This study investigated how different spectral and nonlinear EEG measures covaried with alpha power during auditory alpha biofeedback training, performed by 13 healthy subjects. We found a significant positive correlation of alpha power with the largest Lyapunov-exponent, pointing to an increased dy

  6. A low-energy determination of $\\alpha_s$ at three loops

    CERN Document Server

    Vairo, Antonio

    2015-01-01

    We review one of the most accurate low-energy determinations of $\\alpha_s$. Comparing at short distances the QCD static energy at three loops and resummation of the next-to-next-to leading logarithms with its determination in 2+1-flavor lattice QCD, we obtain $\\alpha_s(1.5~{\\rm GeV})=0.336^{+0.012}_{-0.008}$, which corresponds to $\\alpha_s(M_Z)=0.1166^{+0.0012}_{-0.0008}$. We discuss future perspectives.

  7. Measurement of total alpha activity in water; Messung der Gesamt-Alpha-Aktivitaet in Wasser

    Energy Technology Data Exchange (ETDEWEB)

    Eikenberg, Jost [Paul Scherrer Institut (PSI), Villigen (Switzerland). Abt. fuer Strahlenschutz und Sicherheit; Florschuetz, Bernd [Hessisches Landesamt fuer Umwelt und Geologie, Kassel (Germany). Dezernat 15 - Strahlenschutz; Salvamoser, Josef [Institut fuer Angewandte Isotopen-, Gas- und Umweltuntersuchungen, Woerthsee (Germany); Steinkopff, Thomas [Deutscher Wetterdienst, Offenbach am Main (Germany); Wilhelm, Christoph [Karlsruher Institut fuer Technologie (KIT), Eggenstein-Leopoldshafen (Germany). Sicherheitsmanagement - Analytische Labore; Wisser, Sascha [FCI, Mainz (Germany)

    2014-04-01

    The article describes the measurement of the total alpha activity in an (evaporated) liquid sample, and the various sample preparation methods for measurements with proportional counters or LSC. (orig.)

  8. Alpha and Conversion Electron Spectroscopy of 238, 239Pu and 241Am and Alpha-Conversion Electron Coincidence Measurements

    Energy Technology Data Exchange (ETDEWEB)

    Dion, Michael P.; Miller, Brian W.; Warren, Glen A.

    2016-05-17

    A technique to determine the isotopics of a mixed actinide sample has been proposed by measuring the coincidence of the alpha particle during radioactive decay with the conversion electron (or Auger) emitted during the relaxation of the daughter isotope. This presents a unique signature to allow the deconvolution of isotopes that possess overlapping alpha particle energy. The work presented here are results of conversion electron spectroscopy of 241Am, 238Pu and 239Pu using a dual-stage peltier-cooled 25 mm2 silicon drift detector. A passivated ion implanted planar silicon detector provided measurements of alpha spectroscopy. The conversion electron spectra were evaluated from 20–55 keV based on fits to the dominant conversion electron emissions, which allowed the relative conversion electron emission intensities to be determined. These measurements provide crucial singles spectral information to aid in the coincident measurement approach.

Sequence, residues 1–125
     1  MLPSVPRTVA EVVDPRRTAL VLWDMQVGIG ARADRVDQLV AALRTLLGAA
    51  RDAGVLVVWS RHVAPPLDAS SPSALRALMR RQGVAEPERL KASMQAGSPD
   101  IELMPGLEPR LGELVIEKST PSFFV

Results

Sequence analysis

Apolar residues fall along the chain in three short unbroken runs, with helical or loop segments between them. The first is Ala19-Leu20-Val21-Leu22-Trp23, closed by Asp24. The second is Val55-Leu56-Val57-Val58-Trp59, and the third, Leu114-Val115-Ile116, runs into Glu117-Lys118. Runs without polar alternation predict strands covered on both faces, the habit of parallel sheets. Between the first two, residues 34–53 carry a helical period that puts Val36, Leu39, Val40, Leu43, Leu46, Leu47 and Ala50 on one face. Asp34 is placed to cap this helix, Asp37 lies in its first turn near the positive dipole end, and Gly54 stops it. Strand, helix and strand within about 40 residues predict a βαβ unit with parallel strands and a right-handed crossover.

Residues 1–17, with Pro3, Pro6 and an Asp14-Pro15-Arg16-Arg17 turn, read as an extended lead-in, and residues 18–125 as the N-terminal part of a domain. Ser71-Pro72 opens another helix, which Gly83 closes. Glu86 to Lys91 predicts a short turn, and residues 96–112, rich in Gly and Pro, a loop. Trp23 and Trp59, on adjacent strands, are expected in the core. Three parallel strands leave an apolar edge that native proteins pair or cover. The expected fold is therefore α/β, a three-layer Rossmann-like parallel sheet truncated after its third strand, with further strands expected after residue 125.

9. Determination of alpha_s from the QCD static energy: an update

    CERN Document Server

    Bazavov, Alexei; Tormo, Xavier Garcia i; Petreczky, Peter; Soto, Joan; Vairo, Antonio

    2014-01-01

    We present an update of our determination of the strong coupling alpha_s from the quantum chromodynamics static energy. This updated analysis includes new lattice data, at smaller lattice spacings and reaching shorter distances, the use of better suited perturbative expressions to compare with data in a wider distance range, and a comprehensive and detailed estimate of the error sources that contribute to the uncertainty of the final result. Our updated value for alpha_s at the Z-mass scale, M_Z, is alpha_s(M_Z)=0.1166^{+0.0012}_{-0.0008}, which supersedes our previous result.

  10. Lattice measurement of \\alpha_s with a realistic charm quark

    CERN Document Server

    Blossier, B; Brinet, M; De Soto, F; Du, X; Morenas, V; Pene, O; Petrov, K; Rodriguez-Quintero, J

    2012-01-01

    We report on an estimate of \\alpha_s, renormalised in the MSbar scheme at the tau and Z^0 mass scales, by means of lattice QCD. Our major improvement compared to previous lattice calculations is that, for the first time, no perturbative treatment at the charm threshold has been required since we have used statistical samples of gluon fields built by incorporating the vacuum polarisation effects of u/d, s and c sea quarks. Extracting \\alpha_s in the Taylor scheme from the lattice measurement of the ghost-ghost-gluon vertex, we obtain \\alpha_s^{MSbar}(m^2_Z)=0.1200(14) and \\alpha_s^{MSbar}(m^2_tau)=0.339(13).

  11. Concentration of Radon Progeny in Air by Alpha Spectrometry Measurement

    International Nuclear Information System (INIS)